• 7. Decision Criteria - I Factor Considerations Notes Operating Cost What are the ongoing costs of provision? PAYG does not necessarily mean cheaper over the long term The direct cost may not be on a like-for-like basis, but can be calculated. Investment What is the level of investment required to provision the capability? How is the ROI calculated? How is the investment recovered, or factored into operating costs? Lifetime costs including investment should be understood. However, where the lifetime is uncertain (e.g. new ventures), the decision to use a PAYG basis might make more sense even if more expensive on a daily basis. Location Where is the capability located? Is the location fixed? This may not be as simple as off- or on-premise, but may also be a geographical/ political issue. Privacy, Security How secure is the capability? How private is the capability, or the data flowing through it? This should be seen from both a physical, as well as a network/software perspective. Reliability What is the risk of disruption in supply? Should be mitigated though provision of backup capabilities, regardless of which of the computing models in table 1 is used. The consumer must ensure adequate provision is made either by them or the supplier. Criticality How critical to the enterprise is the capability (or its application)? Privacy, security, and reliability might be converged in a decision on mission criticality.
    • 8. Decision Criteria - II Factor Considerations Notes Business Category Is the business capability core or context? Allied to mission criticality is the notion of whether the capability is the core purpose of the business, or just supporting Separation of capability How separated are the different layers of capability? Is the separation visible to the consumer? Unforeseen dependencies across layers. Use of ‘unacceptable’ providers at a lower layer in the stack. (e.g. see location) Portability How portable is the capability between suppliers? Can the supplier easily be switched? Other than in its most basic form - an empty un-purposed server, or a common platform - there is little portability between the capabilities on offer, especially at the application layer. Scalability/ Elasticity How elastic are the resources? Is payment only for the resources actually used? Are the resources finite? Finite resources will be a constraint on scalability and coping with changes in demand. Elasticity is strongly tied to responsiveness, in that if payment is only to be for the resources actually used, then elasticity must be instant and autonomic, not on-request.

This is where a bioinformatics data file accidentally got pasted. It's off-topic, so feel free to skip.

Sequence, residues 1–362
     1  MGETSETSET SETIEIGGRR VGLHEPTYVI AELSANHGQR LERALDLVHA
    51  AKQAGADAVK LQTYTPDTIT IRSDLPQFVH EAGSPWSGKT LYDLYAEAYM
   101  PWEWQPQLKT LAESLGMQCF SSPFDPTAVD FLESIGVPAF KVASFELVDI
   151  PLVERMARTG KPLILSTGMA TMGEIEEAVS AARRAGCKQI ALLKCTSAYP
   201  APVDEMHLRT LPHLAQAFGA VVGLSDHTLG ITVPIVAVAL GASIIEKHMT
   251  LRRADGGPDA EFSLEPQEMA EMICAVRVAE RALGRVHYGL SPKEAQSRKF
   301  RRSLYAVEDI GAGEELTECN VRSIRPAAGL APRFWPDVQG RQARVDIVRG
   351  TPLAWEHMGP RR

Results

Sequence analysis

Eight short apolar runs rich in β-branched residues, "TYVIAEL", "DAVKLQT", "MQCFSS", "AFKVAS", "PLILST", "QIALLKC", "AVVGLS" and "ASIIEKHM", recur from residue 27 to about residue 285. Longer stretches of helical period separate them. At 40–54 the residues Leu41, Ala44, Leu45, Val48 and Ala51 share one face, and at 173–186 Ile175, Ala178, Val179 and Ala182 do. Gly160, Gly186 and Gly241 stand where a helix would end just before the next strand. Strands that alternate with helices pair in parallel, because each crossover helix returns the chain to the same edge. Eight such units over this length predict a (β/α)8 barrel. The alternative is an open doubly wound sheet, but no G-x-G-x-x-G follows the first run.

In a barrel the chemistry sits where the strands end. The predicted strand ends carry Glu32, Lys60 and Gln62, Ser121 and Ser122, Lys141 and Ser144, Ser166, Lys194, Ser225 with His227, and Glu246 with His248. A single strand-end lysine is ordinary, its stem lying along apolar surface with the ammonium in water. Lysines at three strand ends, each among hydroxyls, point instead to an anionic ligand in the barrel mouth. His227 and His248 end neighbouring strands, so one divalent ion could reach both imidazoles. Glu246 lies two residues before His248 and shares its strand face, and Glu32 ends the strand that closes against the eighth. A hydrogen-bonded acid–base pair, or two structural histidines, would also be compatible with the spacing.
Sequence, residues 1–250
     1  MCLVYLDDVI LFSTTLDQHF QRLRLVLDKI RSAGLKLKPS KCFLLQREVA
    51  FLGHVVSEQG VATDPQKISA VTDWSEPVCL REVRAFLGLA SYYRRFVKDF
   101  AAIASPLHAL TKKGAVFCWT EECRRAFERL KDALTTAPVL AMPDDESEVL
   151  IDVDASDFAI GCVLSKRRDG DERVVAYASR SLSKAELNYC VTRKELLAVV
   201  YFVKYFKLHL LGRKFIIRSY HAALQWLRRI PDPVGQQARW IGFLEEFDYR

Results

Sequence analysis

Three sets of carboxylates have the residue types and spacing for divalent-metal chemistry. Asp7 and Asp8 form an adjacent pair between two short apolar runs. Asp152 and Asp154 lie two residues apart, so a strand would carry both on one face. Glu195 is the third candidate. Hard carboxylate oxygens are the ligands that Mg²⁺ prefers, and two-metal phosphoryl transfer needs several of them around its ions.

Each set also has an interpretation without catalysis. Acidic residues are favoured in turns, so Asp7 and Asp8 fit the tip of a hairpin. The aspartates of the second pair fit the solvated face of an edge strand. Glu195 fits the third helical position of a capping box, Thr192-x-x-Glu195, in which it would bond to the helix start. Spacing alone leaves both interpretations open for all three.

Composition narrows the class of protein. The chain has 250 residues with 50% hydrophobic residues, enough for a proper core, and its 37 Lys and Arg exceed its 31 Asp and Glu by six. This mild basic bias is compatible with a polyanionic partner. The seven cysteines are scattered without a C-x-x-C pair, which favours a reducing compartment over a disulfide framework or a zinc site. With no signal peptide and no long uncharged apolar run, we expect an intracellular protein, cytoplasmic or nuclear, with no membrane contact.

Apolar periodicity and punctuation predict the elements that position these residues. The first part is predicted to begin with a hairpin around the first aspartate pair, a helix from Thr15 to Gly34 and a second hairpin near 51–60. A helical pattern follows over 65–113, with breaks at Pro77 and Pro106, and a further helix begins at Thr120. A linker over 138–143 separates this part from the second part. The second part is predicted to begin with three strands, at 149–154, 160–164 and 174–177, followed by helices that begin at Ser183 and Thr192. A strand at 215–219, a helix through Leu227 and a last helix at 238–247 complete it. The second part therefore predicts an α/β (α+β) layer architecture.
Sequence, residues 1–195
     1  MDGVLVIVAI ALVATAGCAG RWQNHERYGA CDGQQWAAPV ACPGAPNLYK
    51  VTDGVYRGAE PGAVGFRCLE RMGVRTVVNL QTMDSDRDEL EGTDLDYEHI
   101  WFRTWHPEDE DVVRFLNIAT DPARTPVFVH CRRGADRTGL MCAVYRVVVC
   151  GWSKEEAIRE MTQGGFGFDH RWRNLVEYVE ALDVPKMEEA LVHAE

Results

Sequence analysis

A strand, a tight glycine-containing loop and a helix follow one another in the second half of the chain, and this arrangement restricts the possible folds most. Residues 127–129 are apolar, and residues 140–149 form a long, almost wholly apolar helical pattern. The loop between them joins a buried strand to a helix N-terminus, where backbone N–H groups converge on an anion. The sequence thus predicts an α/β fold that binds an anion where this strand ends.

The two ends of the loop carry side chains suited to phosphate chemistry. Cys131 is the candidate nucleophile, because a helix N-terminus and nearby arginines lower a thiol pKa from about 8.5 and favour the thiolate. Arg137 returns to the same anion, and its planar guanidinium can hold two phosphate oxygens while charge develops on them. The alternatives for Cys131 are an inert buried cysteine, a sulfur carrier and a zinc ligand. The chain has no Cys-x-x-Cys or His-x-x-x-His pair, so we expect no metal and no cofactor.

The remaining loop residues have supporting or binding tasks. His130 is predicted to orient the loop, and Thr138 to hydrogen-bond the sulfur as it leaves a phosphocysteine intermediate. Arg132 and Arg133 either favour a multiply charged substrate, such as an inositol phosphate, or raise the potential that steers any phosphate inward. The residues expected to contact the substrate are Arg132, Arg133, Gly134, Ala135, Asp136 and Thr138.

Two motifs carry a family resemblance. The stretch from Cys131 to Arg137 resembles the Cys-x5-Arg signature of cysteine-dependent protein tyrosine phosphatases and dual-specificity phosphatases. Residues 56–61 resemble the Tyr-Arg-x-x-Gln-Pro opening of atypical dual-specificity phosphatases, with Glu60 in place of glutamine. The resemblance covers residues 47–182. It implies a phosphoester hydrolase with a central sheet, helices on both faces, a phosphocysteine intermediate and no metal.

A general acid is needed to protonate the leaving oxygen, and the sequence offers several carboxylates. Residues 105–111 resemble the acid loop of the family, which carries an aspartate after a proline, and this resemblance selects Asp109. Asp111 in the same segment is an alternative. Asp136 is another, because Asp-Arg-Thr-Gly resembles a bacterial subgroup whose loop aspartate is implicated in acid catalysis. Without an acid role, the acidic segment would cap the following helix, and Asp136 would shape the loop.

• 9. Risk Assessment Spider Chart Capability Location Sharing Exclusivity Public Private On-Premise Off-premise Utility Application Multi-Tenancy Multi-Instance Greatest Risk Mission Criticality Business Category Portability Separation Critical Supporting Core Context Proprietary Open Independent Dependent Scalability Finite Elastic
    • 10. Independent Guidance for Service Architecture and Engineering www.cbdiforum.com www.everware-cbdi.com About Everware-CBDI Everware-CBDI is an innovator in architectures and practices for Cloud, Service and Component based concepts, technologies and techniques. The company has guided many F2000 companies and government departments in establishing architecture and best practice. We make our documented best practices available to our customers through continuous skills development products, as well as providing collaborative consultancy that is designed to facilitate enterprises to demonstrate practice improvement and internalize the experience as repeatable processes. Contact Everware-CBDI at www.everware-cbdi.com Specialists in Service Oriented Application Modernization

    ×